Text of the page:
first_img FacebookTwitterLinkedInEmailPrint分享ChinaDialogue.net:If Angela Merkel is to win another term in Germany’s upcoming election on September 24, then winning the western state of North-Rhine/Westphalia (NRW) will be essential.NRW is the country’s most populous state, making up a fifth of the electorate. It’s also the epicentre of another political tussle: What to do about Germany’s coal sector?The state is the historic heart of Germany’s industry; an industry that is largely powered by coal. NRW sits atop Europe’s biggest lignite coal region, and despite Germany’s rapid adoption of renewables, NRW still generates 75% of its electricity from coal, making it responsible for almost 1% of global annual greenhouse gas emissions.So it’s no surprise that the Rhineland coalfields near Cologne have become a hot spot for climate activists in the past few years. Internationally, Germany is well-known for its Energiewende energy policy, a transition away from nuclear and fossil fuels to renewables. But despite the aggressive push toward renewables, coal remains central to Germany’s power supply. In recent years, electricity production from coal has hardly fallen, unlike in other developed countries such as the UK and US. In fact, lignite coal provided 23% of gross power production in 2016, and hard coal 17%.Some critics argue that coal still dominates Germany’s power generation because the country has chosen to phase-out nuclear power, with the remaining plants to shut by 2022. In the aftermath of the Fukushima disaster in Japan, around a dozen new coal plants opened in Germany.What’s missing from reports about the alleged “German coal renaissance” though is that Germany’s coal surge was part of a Europe-wide trend, and not just a reaction to the nuclear phase-out. Construction of many of the plants started long before the meltdown in Fukushima.German utilities began abandoning coal projects around 2011 for the simple reason that there was no demand for them. By then, it was clear that renewables growth had been underestimated. Investors cancelled two dozen projects. The surge in wind and solar power combined with on-going coal power production led to an oversupply of electricity. As a result, power exports hit a record high by 2016. Almost 8% of electricity generated in Germany last year was used in neighbouring countries.These developments have led to the so-called “Energiewende paradox”: Germany’s rapid development of renewable power has barely dented carbon dioxide (CO2) emissions even though electricity generated from renewables has more than replaced nuclear power.The result is that Germany’s greenhouse gas emissions actually increased in 2016, and are expected to grow even more in 2017.This begs the question: how will Germany kick its coal habit?To get back on track with climate targets, Agora Energiewend is calling for Germany to adopt an emergency “Climate Protection 2020” programme as soon as possible after the federal elections this month.And some utilities are already shutting down old coal plants for economic reasons. The power company STEAG, for instance, will decommission five coal-fired units because of low wholesale electricity prices. Other companies are hoping that a political agreement on phasing-out coal power will be sweetened by financial benefits for those shutting down plants.An EU agreement on stricter pollution standards for existing power plants starting in 2021 will also factor into plans for a phase-out. Notably, the German government voted against these stricter standards.Gerard Wynn from the Institute for Energy Economics and Financial Analysis (IEEFA) estimates that Germany has many gigawatts of coal and lignite generating capacity above the new limits. Owners are facing multiple headwinds: competition with renewables, sluggish power demand growth, and carbon emissions targets. Owners will have to decide whether to retrofit or close their plants. “Utilities may use this opportunity to close or sell certain coal plants before the new standard is implemented in 2021,” he said.Germany’s current government coalition has avoided specific discussion of a coal phase-out. But there are signs that preparations for one are underway.More: Future of Germany’s coal sector hangs on elections On the Blogs: The German Transitionlast_img read more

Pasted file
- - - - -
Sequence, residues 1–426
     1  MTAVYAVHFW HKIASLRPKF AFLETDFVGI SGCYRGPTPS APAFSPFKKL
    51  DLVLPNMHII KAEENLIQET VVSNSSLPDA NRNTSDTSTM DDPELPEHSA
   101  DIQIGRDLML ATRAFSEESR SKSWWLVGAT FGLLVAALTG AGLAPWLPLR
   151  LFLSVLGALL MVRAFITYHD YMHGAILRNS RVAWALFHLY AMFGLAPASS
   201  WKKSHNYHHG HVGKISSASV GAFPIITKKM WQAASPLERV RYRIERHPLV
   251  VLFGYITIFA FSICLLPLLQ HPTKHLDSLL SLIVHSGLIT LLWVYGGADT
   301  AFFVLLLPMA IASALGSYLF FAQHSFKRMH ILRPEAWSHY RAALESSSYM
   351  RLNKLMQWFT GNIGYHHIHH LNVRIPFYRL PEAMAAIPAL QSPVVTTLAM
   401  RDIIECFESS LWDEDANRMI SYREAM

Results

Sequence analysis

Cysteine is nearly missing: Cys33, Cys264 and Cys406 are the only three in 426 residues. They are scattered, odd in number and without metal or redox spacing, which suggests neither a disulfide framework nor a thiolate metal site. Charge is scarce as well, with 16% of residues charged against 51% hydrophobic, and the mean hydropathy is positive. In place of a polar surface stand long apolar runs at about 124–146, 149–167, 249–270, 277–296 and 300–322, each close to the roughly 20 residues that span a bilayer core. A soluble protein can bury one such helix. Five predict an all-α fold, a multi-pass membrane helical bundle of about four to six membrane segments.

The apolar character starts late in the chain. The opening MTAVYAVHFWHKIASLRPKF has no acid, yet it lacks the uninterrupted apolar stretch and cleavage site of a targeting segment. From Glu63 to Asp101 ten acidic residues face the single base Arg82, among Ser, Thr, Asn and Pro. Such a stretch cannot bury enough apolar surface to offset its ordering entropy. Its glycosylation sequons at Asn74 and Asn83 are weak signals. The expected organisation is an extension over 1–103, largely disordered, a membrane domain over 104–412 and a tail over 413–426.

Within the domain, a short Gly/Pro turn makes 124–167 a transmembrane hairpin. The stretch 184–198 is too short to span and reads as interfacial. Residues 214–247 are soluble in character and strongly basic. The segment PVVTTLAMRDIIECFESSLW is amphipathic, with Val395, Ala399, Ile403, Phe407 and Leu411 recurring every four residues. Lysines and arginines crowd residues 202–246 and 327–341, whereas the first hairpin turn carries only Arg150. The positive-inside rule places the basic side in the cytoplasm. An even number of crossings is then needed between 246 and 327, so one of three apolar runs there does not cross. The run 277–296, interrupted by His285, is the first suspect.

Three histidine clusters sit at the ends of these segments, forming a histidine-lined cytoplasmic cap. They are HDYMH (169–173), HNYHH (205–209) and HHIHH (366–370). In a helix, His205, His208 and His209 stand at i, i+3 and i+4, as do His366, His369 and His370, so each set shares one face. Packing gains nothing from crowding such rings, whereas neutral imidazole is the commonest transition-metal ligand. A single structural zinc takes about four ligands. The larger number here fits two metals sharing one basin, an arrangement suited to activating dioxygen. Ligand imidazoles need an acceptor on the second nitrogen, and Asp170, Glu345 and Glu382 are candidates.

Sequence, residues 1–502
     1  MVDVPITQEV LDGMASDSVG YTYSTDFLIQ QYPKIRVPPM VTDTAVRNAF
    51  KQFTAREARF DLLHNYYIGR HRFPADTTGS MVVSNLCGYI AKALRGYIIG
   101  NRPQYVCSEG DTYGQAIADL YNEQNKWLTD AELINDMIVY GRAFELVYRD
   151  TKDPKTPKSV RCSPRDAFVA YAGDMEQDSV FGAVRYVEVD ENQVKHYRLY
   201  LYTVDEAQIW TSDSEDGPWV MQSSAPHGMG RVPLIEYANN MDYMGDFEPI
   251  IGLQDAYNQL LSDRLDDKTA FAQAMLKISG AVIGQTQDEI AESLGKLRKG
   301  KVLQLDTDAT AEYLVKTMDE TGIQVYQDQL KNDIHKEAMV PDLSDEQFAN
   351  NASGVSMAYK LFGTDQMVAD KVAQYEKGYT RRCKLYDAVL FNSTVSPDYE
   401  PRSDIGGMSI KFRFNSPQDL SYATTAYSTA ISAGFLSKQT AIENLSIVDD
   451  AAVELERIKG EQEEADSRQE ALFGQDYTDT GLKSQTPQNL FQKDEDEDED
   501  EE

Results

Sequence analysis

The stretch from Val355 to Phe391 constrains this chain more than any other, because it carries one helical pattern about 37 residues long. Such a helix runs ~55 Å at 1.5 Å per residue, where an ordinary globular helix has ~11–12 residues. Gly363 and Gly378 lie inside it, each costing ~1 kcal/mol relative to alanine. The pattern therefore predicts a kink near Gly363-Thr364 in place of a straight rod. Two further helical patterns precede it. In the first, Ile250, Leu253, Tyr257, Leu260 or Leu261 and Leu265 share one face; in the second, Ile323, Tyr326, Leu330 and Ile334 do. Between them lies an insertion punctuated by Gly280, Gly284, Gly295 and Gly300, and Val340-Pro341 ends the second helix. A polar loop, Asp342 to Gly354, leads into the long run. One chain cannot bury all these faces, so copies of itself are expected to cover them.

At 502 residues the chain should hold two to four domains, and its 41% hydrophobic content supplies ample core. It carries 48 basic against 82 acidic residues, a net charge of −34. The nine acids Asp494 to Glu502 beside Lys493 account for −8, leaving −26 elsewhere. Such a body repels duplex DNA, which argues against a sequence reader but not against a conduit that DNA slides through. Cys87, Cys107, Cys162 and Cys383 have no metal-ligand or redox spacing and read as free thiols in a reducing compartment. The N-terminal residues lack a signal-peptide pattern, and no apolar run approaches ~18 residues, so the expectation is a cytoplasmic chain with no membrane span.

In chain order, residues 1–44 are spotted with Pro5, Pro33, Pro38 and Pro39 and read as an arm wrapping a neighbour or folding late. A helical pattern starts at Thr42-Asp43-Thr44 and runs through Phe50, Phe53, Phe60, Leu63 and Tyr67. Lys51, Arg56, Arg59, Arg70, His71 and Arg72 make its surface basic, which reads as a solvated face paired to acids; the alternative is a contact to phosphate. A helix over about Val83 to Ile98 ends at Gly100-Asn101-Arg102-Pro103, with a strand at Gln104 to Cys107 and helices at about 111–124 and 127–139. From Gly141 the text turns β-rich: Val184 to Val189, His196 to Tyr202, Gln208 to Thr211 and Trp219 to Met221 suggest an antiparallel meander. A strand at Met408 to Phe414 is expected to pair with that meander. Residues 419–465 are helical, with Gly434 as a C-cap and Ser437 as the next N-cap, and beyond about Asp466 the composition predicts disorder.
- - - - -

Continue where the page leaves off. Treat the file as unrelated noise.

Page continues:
No need to panic buy oximeters to detect ‘happy hypoxia’, lung specialist says

first_imgThere is no need for the public to start panic buying pulse oximeters to detect “happy hypoxia”, Persahabatan Hospital lung specialist Erlina Burhan said on Wednesday.Public concerns over an unusual effect of COVID-19 called happy hypoxia – in which patients have dangerously low blood oxygen levels yet show no usual symptoms of the disease – have risen due after it was reported that two patients who died from COVID-19 in Banyumas, Central Java, experienced the symptom. Lung specialist Erlina Burhan said that happy hypoxia, also known as silent hypoxemia, could be checked by examining blood gases analysis through pulse oximeters.“We can check our blood saturation level at home by putting our finger inside the oximeter pulse, ” Erlina said in a talk show hosted by the National Disaster Mitigation Agency (BNPB) on Wednesday.However, Erlina also reminded the public that not every COVID-19 patient would experience happy hypoxia. “This doesn’t mean that people should buy pulse oximeters the way people were panic buying face masks,” she said. “Pulse oximeters are not necessary for healthy people or asymptomatic cases.”She said that those who experienced happy hypoxia usually suffered from worsening coughs and feelings of fatigue.She explained that people whose blood oxygen levels dropped would usually suffer from difficulty breathing.“However, this doesn’t happen to some COVID-19 patients [who experience happy hypoxia] because of nerve damage, which results in their brain failing to recognize the lack of oxygen,” Erlina said. (dpk)Topics :last_img read more

Friends Together and Hope Shores Alliance host benefit masquerade ball

first_imgAddThis Sharing ButtonsShare to FacebookFacebookShare to TwitterTwitterShare to MoreAddThisTwo community organizations gathered over the weekend and partied for a good cause.Friends Together and Hope Shores Alliance hosted their masquerade ball to benefit cancer patients and domestic violence victims.Event organizer, Stacy Roznowski says funds raised from this second annual event will have an immediate and lasting impact on the community.“We’re always looking to raise some money for our organizations. So for Friends Together, it’s a really big deal. The money that we raised here will help with gas cards for people to get to treatment, rides to treatment, some hotel stays…things like that. Hope Shores always needs money for their safe houses, things like that.”The night consisted of a silent auction, good food and lots of photos. Over 200 attendees showed up to the event.If you would like to donate, contact Hope Shores Alliance or Friends Together of Alpena.AddThis Sharing ButtonsShare to FacebookFacebookShare to TwitterTwitterShare to MoreAddThis Tags: ball masquerade ball, friends together, Fundraiser, Hope Shores AllianceContinue ReadingPrevious Photo of the Day for Monday, February 25Next Tip night raises over $600 for the Boys & Girls Clublast_img read more